Virginia Tech Dendrology

climbing hydrangea Hydrangeaceae Decumaria barbara L. Listen to the Latin symbol: DEBA4
Leaf: Opposite, simple, elliptical, oval or ovate, 3 to 6 inches, entire or a few slight teeth, shiny dark green above, paler beneath.
Flower: Small, creamy white, fragrant flowers in terminal, round clusters (2 to 4 inches) appearing in late spring.
Fruit: Dry brown, urn-shaped, ribbed capsule, 1/4 to 1/3 inch, ripen in late summer.
Twig: Slender, greenish brown to gray-brown; leaf scar narrow and crescent shaped, unique red hairy buds.
Bark: Reddish to gray-brown, numerous thin aerial rootlets.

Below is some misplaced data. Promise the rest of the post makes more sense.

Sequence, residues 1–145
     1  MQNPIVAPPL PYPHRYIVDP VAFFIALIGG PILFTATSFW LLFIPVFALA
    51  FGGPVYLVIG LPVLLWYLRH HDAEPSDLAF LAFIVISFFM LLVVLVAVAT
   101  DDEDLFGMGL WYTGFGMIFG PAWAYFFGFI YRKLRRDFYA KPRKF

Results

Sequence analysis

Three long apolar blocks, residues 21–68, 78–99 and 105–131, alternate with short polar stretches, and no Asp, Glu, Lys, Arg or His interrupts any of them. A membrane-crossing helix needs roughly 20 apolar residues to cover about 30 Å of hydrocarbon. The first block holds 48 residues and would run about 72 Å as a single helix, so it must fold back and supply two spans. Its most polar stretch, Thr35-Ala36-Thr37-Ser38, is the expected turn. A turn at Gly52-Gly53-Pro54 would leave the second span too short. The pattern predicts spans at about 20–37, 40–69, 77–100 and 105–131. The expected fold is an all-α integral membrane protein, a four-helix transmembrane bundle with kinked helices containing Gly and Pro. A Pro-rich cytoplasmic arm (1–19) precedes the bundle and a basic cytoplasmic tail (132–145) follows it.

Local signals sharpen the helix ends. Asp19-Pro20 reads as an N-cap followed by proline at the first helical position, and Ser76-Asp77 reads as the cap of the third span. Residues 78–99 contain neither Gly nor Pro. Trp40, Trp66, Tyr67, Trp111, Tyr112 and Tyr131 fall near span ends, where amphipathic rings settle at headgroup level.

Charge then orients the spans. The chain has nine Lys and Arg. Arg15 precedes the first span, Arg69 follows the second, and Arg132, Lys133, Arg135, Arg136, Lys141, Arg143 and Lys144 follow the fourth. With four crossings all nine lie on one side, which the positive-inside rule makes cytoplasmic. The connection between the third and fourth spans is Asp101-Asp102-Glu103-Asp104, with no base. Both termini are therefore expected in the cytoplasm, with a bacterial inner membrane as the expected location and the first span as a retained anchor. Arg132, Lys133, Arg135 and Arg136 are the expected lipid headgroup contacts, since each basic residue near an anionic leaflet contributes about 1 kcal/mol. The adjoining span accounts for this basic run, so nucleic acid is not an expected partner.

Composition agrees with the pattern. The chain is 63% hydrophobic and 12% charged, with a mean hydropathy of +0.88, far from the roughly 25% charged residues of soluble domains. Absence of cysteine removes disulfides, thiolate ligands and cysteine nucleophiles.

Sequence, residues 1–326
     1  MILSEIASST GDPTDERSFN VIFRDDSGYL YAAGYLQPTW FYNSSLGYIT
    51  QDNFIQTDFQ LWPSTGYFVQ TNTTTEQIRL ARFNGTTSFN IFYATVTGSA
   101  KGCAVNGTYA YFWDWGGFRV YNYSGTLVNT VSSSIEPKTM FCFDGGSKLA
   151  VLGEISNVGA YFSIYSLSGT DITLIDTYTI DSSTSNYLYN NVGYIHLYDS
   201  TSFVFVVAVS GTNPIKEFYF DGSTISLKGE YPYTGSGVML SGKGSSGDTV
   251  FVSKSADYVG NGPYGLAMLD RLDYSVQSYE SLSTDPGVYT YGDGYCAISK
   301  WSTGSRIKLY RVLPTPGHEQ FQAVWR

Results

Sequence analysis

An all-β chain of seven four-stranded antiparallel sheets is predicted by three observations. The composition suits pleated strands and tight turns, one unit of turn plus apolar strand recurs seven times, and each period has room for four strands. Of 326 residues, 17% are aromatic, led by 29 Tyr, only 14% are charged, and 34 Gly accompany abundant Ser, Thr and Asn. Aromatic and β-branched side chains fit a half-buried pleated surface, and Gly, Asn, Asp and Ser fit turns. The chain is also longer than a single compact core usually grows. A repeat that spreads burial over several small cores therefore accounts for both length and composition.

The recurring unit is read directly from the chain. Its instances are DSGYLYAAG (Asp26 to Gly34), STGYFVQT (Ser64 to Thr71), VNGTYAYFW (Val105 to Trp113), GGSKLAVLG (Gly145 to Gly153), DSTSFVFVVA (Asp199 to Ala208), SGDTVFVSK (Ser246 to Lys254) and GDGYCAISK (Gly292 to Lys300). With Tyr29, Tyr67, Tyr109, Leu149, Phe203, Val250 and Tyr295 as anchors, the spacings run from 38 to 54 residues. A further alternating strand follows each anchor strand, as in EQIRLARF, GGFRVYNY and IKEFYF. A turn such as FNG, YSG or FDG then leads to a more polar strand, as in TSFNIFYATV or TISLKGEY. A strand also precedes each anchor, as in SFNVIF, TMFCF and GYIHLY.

Form: Climbing vine, reaching heights of 40 feet; stems become covered in aerial roots.
Looks like: poison-ivy - trumpet creeper - wintercreeper - climbing hydrangea
leaf flower fruit twig bark form1 map
Additional Range Information: Decumaria barbara is native to North America. Range may be expanded by planting. See states reporting climbing hydrangea.
External Links: USDA Plants Database
All material © 2017 Virginia Tech Dept. of Forest Resources and Environmental Conservation; Photos and text by: John Seiler, Edward Jensen, Alex Niemiera, and John Peterson